Starting on a negative note is such a no-no, but I feel the need to get X-Men: Apocalypse’s irritating anomalies out the way. How these newer movies are supposed to fit into the overall X-Men canon is becoming more and more obscure as plotlines get twisted and character developments rewritten.
In Deadpool, the character’s willingness to break the fourth wall is a clever method of addressing plot incongruences, and in X-Men: Apocalypse this is done to an extent through the use of Easter eggs and inside jokes. However, it does take a concerted effort to, as Elsa would say, let it go.
It is a mark of fans’ devotion to the franchise that they are willing to do just that – at least that is the conclusion I can draw based on the continued success of the franchise, and the cheers elicited from the audience as X-Men: Apocalypse’s end credits rolled.
Attending the launch of Ster-Kinekor’s seventh IMAX cinema, at the newly-opened Mall of Africa in Midrand, I entered the film on a high from sugary cocktails and colourful candy. I exited with a feeling of exhilaration, having been taken on a visual vortex of epic proportions – from the opening sequence all the way through to the final battle that is the film’s obligatory climax.
Due to stories of sardine-like crowds and stolen cars a lot of people, including me, have been avoiding the Mall of Africa like the plague. It’s not as bad as everyone makes it seem, and watching X-Men: Apocalypse on IMAX 3-D is worth it – although it is a serious assault on your auditory faculties.
Brought to you in all the splendour of 21st century digital innovation, is a story set 10 years after X-Men: Days of Future Past i.e. 1983. Attention to detail in costume and art direction bring the ‘80s to life; but my favourite incarnation of the fashionably dubious decade is in the portrayal of its “bad” mutants. The shots of Professor Xavier’s school and his students look like ‘80s period pieces, but when it comes to the darker and more troubled mutants – the movie’s so-called villains – they look like something out of a kitsch ‘80s fantasy film. Whether this was the intention, is debatable; but it’s effective and serves to visually juxtapose the two sides of the mutant argument.
My hesitancy to use the term villains stems from the fact that the mutants who sway towards the dark side, don’t act or feel the way they do because they’re simply evil or superficially bent on destruction. Troubled pasts and conflicting emotions may lead the wrong way, but can be overcome – which is something these films have always sought to address, particularly through Magneto, Mystique, and Wolverine.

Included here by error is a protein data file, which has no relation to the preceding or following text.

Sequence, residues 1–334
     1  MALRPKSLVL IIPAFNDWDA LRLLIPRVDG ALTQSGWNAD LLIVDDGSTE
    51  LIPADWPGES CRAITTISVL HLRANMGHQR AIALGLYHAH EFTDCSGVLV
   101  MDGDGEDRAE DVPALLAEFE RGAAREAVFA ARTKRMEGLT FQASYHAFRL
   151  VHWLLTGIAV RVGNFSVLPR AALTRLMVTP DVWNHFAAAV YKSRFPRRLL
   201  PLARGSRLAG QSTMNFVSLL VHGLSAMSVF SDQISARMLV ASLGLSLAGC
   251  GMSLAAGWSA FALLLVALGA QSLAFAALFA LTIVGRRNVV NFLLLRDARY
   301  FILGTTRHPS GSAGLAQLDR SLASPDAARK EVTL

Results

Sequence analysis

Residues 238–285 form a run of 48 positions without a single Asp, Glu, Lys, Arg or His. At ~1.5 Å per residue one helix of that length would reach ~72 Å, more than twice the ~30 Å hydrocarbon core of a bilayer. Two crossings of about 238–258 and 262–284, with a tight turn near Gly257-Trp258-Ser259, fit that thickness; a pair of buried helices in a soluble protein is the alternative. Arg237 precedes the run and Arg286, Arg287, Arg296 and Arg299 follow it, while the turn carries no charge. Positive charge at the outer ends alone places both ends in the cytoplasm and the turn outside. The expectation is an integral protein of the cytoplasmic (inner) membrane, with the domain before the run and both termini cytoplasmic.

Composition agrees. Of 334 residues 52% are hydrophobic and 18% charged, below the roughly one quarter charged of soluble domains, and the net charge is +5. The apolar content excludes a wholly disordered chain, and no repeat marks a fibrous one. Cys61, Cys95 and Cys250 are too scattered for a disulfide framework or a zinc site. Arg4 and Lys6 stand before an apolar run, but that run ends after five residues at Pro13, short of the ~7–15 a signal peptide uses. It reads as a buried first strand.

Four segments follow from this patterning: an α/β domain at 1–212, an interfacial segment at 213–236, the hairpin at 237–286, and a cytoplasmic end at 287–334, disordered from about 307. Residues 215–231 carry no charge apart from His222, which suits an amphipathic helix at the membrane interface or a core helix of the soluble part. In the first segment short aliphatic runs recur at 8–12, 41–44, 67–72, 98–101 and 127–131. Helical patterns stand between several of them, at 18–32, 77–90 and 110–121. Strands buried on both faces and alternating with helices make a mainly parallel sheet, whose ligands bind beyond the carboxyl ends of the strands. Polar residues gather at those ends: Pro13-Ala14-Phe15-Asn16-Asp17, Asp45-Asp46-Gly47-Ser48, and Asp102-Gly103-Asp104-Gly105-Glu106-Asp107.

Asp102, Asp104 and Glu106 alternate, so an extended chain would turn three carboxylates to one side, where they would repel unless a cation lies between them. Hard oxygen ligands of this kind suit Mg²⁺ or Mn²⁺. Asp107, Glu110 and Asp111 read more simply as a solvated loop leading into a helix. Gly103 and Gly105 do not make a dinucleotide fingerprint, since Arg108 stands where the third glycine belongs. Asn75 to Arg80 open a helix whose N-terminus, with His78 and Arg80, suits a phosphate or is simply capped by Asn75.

Even En Sabah Nur – this instalment’s big bad – has an ambiguous fibre in his centuries-old being. In a scene which echoes Leeloo’s horror at what humanity has done to the world, in The Fifth Element, it is difficult to disagree with En Sabah Nur’s disdain, and his disapproval of the systems that constrict us, and our potential, as a race. Oscar Isaac, one of the most exciting actors emerging into Hollywood’s spotlight, portrays En Sabah Nur – marking Isaac’s second major debut into a massive movie franchise.
Speaking of massive franchises, Game of Thrones’ Sophie Turner steps into Famke Janssen’s shoes, to portray a younger version of Jean Grey. In doing so, she mirrors fellow Thrones’ star Emilia Clarke, who took over the role of Sarah Connor last year. It’s great to see these young actresses start their careers deviating from the norm of being lobbed with mediocre roles in formulaic “chick flicks”.
The character of Mystique, however, has been somewhat overridden by Jennifer Lawrence’s star power. For someone who is “mutant and proud”, she sure spends a lot of time as a pretty blonde. The story kind of excuses this by Mystique disguising herself due to her unwillingness to be labelled a hero. She is also the most wildly divergent from the older version of the character. This is annoying in its continuity anomaly, but empowering, in that she has become more than just a cog of Magneto’s rage.
But if this were all about character, I would just walk out and re-watch Christopher Nolan’s Batman trilogy. Bruce Wayne, and Christian Bale’s interpretation of the character, is my favourite to watch; but, thematically, first prize goes to X-Men. Each film carries with it Professor Xavier’s optimism of a better humanity – and our ability to choose the right path.
X-Men: Apocalypse could just as easily be about our own probable apocalypse. Through politics, prejudice, and military mismanagement, the film implicitly addresses nuclear disarmament, refugee crises and the disenfranchisement of the powerless.
The pomp and grandeur of the visual effects veil these themes, while muffling the characters, but they are there nevertheless. Along with trademark humour to lift the mood and remind us why we love the characters, X-Men: Apocalypse is a stumbling but welcome continuation of this part of the Marvel universe.